Trips abound with incompleteness. You see something, you wonder what it means or the history of a place or the connection to you or others and then…viola! You’re gone. Off to someplace else. You don’t get the full story because you’re only in a place for a snippet. You drift through a part of a narrative whose final page you will likely never read.
I’m in Frankfurt, Germany this summer with my family. Most people visit Frankfurt for work or for its airport, just passing through. It isn’t high on tourist destination lists for its scenic content which is a shame since, as we found out, some areas are exquisite. I think it gets a bad rap from the past but much has changed even in the last few decades as Frankfurt has continued to transform itself, in this case into a very green city (in every sense of the word).
Like most major cities in Germany, Frankfurt was pretty much leveled during WWII. Each city was given a choice after the war: rebuild the way you were or the way you want to be. Recreate the past (as cities such as Dresden or Munich have done) or start from scratch. Frankfurt’s a scratcher. All modern and shiny. And now, green.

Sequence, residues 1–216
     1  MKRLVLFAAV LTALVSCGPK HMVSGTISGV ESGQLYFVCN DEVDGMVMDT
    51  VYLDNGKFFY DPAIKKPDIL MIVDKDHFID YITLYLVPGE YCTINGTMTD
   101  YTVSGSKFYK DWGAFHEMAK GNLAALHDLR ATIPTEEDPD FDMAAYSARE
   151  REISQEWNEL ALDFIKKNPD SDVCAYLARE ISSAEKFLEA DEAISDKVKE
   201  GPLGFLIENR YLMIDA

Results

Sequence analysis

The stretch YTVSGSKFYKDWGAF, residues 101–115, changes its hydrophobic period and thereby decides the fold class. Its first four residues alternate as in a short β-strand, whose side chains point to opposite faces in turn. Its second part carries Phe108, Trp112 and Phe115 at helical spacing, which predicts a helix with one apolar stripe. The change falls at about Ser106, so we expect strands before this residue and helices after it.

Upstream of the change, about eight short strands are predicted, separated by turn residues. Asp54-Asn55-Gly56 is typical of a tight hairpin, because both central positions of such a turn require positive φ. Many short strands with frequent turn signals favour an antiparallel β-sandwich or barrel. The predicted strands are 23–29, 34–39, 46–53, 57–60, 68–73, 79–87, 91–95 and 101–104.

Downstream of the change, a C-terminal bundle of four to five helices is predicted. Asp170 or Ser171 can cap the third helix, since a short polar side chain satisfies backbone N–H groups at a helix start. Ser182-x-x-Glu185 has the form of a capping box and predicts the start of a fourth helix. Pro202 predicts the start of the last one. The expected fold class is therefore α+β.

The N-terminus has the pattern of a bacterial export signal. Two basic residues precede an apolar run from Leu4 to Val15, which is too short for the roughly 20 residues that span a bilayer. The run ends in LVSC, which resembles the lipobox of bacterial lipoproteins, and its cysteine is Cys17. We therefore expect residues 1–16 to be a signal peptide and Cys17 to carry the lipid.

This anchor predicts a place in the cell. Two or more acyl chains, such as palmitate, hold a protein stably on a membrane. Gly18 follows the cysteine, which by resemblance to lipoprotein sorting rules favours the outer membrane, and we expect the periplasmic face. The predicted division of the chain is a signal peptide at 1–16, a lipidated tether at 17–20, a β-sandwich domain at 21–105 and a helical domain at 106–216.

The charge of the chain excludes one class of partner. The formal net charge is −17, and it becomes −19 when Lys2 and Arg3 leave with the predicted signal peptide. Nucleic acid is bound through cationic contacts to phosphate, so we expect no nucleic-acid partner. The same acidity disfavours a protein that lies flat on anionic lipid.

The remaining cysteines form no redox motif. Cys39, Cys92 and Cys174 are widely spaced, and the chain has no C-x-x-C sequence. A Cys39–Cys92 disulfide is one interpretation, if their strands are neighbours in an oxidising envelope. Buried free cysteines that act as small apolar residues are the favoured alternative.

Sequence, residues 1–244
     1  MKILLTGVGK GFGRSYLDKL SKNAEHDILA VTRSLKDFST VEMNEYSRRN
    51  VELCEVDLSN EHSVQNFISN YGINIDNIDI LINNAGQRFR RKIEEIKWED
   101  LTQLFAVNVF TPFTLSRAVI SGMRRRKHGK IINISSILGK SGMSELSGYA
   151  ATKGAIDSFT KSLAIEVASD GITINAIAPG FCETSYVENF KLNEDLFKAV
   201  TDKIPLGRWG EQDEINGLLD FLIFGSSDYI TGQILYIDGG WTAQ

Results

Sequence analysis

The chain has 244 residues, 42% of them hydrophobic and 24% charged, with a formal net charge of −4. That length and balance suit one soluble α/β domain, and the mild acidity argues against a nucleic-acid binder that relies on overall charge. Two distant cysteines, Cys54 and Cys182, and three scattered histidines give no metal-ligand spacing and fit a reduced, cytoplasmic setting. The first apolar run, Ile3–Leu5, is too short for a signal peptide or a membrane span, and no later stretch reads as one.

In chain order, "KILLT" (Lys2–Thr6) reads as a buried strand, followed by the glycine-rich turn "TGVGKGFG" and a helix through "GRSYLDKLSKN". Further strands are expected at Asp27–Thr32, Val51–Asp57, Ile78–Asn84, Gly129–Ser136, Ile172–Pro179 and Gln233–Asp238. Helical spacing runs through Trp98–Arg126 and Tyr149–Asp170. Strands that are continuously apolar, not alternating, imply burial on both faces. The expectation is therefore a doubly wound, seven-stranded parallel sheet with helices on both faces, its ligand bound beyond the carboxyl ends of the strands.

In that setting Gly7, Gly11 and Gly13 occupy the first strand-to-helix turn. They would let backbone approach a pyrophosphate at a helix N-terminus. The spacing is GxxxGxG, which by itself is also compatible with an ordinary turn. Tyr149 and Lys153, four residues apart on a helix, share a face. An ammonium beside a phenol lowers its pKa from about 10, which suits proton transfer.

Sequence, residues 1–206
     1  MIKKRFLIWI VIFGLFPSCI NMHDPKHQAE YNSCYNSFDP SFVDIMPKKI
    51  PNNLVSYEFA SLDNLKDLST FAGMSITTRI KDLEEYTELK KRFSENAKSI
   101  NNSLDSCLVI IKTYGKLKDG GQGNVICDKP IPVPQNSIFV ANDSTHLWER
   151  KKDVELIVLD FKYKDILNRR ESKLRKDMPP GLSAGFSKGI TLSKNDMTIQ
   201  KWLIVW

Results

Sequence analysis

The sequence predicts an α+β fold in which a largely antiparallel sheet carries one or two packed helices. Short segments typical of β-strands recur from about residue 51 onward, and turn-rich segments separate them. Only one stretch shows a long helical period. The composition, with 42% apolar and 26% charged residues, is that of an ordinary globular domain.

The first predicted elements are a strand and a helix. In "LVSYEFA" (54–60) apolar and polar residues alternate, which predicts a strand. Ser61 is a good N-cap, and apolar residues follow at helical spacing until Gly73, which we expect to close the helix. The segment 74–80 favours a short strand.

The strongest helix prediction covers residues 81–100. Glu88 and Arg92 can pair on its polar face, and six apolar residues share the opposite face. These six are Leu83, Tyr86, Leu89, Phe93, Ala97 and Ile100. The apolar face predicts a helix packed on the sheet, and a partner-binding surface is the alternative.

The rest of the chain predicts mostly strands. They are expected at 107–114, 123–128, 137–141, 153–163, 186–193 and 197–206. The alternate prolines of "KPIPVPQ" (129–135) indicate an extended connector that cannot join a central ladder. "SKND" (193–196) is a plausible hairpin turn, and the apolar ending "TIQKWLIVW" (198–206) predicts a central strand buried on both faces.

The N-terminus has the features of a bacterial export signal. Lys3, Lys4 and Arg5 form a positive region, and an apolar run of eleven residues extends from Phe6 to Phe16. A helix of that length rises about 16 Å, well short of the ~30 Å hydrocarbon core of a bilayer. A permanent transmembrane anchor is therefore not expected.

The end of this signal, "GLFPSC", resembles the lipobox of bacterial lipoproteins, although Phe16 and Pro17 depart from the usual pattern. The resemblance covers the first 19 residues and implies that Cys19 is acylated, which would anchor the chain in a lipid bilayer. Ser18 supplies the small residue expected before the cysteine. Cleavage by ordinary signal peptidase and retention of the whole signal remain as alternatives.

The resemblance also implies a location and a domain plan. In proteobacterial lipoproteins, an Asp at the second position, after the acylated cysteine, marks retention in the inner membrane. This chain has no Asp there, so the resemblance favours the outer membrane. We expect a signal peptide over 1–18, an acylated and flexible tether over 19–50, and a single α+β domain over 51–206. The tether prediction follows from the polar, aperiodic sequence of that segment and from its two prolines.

I was here in college, staying with the friends who have become the reason we’re here now. But this is a very different city even from when I was here last. I expected the high rises and German-engineered buildings of bright metal and glass that reflect the city’s status as the financial capital of Europe. But I didn’t expect the trees.
The friends we’re visiting (more on them in Part 3) live only a few blocks from the main river in town which, conveniently, is called the Main River (alas, pronounced like “mine”). Down along the river are a series of beautiful promenades lined by pollarded plane trees that, in summer, form an arch of gnarled branches and leaves above the pathways. The photo above shows a typical stretch of the promenade.
So here we are, ambling along this pathway under these lovely trees, and suddenly a man rides past me on a bicycle. That may not seem unusual until I tell you what he was doing.
But I won’t.
You see, that’s my point: You don’t always get the full story, on a trip or even here at The Meaningful Traveler. Sometimes you’re left hanging. Often you never find out what happens.
But assuming I’m still alive and writing next week, I’ll tell you then. The full story.
Or at least the next part of it…
To be continued…